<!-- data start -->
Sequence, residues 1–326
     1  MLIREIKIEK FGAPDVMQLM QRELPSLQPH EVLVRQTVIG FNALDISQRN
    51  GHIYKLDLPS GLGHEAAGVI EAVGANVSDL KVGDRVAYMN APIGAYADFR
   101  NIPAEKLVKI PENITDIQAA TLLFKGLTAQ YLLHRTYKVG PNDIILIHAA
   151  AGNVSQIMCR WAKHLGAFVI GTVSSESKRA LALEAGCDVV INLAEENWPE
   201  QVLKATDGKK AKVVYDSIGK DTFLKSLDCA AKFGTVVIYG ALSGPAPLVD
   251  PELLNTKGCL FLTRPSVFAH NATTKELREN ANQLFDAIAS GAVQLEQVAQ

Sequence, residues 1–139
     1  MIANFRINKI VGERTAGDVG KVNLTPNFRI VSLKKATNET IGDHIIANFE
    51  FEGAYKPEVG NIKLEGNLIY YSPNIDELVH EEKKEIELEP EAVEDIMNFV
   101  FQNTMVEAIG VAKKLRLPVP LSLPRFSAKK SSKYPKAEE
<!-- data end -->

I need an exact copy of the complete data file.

Sequence, residues 1–326
     1  MLIREIKIEK FGAPDVMQLM QRELPSLQPH EVLVRQTVIG FNALDISQRN
    51  GHIYKLDLPS GLGHEAAGVI EAVGANVSDL KVGDRVAYMN APIGAYADFR
   101  NIPAEKLVKI PENITDIQAA TLLFKGLTAQ YLLHRTYKVG PNDIILIHAA
   151  AGNVSQIMCR WAKHLGAFVI GTVSSESKRA LALEAGCDVV INLAEENWPE
   201  QVLKATDGKK AKVVYDSIGK DTFLKSLDCA AKFGTVVIYG ALSGPAPLVD
   251  PELLNTKGCL FLTRPSVFAH NATTKELREN ANQLFDAIAS GAVQLEQVAQ

Sequence, residues 1–139
     1  MIANFRINKI VGERTAGDVG KVNLTPNFRI VSLKKATNET IGDHIIANFE
    51  FEGAYKPEVG NIKLEGNLIY YSPNIDELVH EEKKEIELEP EAVEDIMNFV
   101  FQNTMVEAIG VAKKLRLPVP LSLPRFSAKK SSKYPKAEE